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Archive - Jan 30, 2013

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First Artificial Enzyme Created by Evolution in a Test Tube

There’s a wobbly new biochemical structure in Dr. Burckhard Seelig’s lab at the University of Minnesota that may resemble what enzymes looked like billions of years ago, when life on earth began to evolve – long before they became ingredients for new and improved products, from detergents to foods and fuels. Dr. Seelig created the fledgling enzyme by using directed evolution in the laboratory. Working with colleague Dr. Gianluigi Veglia, graduate student Fa-An Chao, and other team members, Dr.Seelig subsequently determined the enzyme’s structure, which made its debut December 9 as an advance online publication in Nature Chemical Biology. Lab tests show that the enzyme (a type of RNA ligase, which connects two RNA molecules) functions as natural enzymes although its structure looks very different and it is flexible rather than rigid. Dr. Seelig speculates the new protein resembles primordial enzymes, before their current structures evolved. While a handful of groups worldwide are developing artificial enzymes, these groups use rational design to construct the proteins on computers. Instead, the Seelig lab employs directed evolution. "To my knowledge, our enzyme is the only entirely artificial enzyme created in a test tube by simply following the principles of natural selection and evolution," he says. Rational enzyme design relies on preconceived notions of what a new enzyme should look like and how it should function. In contrast, directed evolution involves producing a large quantity of candidate proteins and screening several generations to produce one with the desired function. With this approach, the outcome isn’t limited by current knowledge of enzyme structure. "Just as in nature, only the fittest survive after each successive generation," Dr. Seelig explains.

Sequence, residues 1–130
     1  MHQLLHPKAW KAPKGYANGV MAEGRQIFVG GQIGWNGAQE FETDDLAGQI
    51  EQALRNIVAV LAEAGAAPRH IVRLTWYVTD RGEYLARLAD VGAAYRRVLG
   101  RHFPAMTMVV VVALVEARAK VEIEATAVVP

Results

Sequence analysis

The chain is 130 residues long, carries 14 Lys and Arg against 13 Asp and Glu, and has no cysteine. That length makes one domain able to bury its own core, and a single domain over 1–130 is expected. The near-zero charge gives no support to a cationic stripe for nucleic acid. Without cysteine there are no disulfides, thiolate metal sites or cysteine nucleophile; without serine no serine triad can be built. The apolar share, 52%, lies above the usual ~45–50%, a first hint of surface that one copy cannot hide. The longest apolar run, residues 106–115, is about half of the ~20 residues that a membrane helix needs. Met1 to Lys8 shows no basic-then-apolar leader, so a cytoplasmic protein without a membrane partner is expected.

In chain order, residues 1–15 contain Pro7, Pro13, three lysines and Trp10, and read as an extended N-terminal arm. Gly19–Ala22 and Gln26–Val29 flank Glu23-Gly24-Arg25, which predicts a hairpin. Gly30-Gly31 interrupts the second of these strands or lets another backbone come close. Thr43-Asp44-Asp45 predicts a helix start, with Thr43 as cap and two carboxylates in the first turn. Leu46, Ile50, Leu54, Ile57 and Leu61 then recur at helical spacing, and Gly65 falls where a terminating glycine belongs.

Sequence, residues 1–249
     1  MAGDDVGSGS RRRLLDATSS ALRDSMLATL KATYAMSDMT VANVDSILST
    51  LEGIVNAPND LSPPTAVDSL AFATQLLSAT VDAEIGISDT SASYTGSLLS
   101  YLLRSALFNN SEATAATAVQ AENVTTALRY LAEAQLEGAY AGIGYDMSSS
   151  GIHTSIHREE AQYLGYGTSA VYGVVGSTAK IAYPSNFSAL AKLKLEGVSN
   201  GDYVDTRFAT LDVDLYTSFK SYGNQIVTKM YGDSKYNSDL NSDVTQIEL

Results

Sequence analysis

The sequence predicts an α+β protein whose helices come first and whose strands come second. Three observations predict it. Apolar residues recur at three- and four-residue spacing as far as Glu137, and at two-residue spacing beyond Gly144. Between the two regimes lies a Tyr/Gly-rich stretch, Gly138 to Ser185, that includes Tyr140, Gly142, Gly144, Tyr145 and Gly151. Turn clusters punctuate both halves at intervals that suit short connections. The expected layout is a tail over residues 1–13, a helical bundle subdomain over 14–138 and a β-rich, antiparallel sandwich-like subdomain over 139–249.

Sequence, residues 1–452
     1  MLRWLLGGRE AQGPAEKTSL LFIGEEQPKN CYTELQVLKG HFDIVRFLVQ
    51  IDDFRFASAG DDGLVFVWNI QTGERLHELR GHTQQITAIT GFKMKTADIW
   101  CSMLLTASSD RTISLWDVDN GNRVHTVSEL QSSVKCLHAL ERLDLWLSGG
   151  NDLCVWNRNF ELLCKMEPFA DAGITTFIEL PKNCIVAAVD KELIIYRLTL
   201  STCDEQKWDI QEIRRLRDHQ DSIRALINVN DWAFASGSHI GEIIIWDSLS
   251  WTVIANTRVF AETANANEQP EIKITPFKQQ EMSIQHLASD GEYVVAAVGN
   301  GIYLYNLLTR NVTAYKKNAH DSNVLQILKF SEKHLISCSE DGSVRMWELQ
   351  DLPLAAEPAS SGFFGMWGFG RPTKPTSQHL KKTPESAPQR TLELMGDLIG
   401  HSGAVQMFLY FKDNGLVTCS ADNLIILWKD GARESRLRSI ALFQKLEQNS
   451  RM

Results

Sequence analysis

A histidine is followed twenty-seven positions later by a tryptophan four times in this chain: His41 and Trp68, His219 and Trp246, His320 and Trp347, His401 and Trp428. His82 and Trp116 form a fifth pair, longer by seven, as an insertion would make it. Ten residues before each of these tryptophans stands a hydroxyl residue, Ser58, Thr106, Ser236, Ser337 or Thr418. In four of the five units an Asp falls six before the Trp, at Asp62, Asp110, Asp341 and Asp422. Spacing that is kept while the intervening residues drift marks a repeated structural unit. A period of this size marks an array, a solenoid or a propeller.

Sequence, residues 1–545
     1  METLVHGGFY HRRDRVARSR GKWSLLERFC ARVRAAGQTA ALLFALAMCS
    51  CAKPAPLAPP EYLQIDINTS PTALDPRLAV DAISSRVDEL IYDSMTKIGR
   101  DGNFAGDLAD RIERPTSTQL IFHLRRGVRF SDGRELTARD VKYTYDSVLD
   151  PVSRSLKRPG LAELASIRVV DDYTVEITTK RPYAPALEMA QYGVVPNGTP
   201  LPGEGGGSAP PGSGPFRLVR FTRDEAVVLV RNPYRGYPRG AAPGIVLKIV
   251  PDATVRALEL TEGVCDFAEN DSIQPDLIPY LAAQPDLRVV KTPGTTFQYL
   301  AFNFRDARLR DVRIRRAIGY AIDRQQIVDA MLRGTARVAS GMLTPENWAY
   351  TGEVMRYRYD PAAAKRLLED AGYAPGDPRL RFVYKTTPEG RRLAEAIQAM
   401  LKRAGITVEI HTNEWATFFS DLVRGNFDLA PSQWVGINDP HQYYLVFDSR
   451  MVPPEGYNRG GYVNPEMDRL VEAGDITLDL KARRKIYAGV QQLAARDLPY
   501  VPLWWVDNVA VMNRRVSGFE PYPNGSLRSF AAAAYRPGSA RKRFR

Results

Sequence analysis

Ancient Snail Shell Analysis Reveals a Humid Mediterranean

An international team of researchers has shown that old wives' tales that snails can tell us about the weather should not be dismissed too hastily. While the story goes that if a snail climbs a plant or post, rain is coming, research led by the University of York goes one better: it shows snails can provide a wealth of information about the prevailing weather conditions thousands of years ago. The researchers, including scientists from the Scottish Universities Environmental Research Centre (SUERC), analyzed the chemistry of snail shells dating back 9,000 to 2,500 years recovered from Mediterranean caves, looking at humidity at different times in the past. Their findings, which were reported online on January 30, 2013 in the journal Quaternary International, reveal that when the first farmers arrived in Italy and Spain, the western Mediterranean was not the hot dry place it is now, but warmer, wetter, and stickier. The research was led by Dr. André Carlo Colonese from York’s Department of Archaeology. Dr. Colonese and his co-authors believe that land snails have great potential as a source of information about human behaviour and palaeoclimatic conditions and therefore should be given much more attention. Dr. Colonese, an EU Marie Curie Fellow in York’s Centre for Human Palaeoecology & Evolutionary Origins, said: “By putting together research on snails from multiple sites across Spain and Italy, we were able to produce a large-scale regional picture for weather conditions over the western Mediterranean area. This allowed us to observe differences in climate across the region.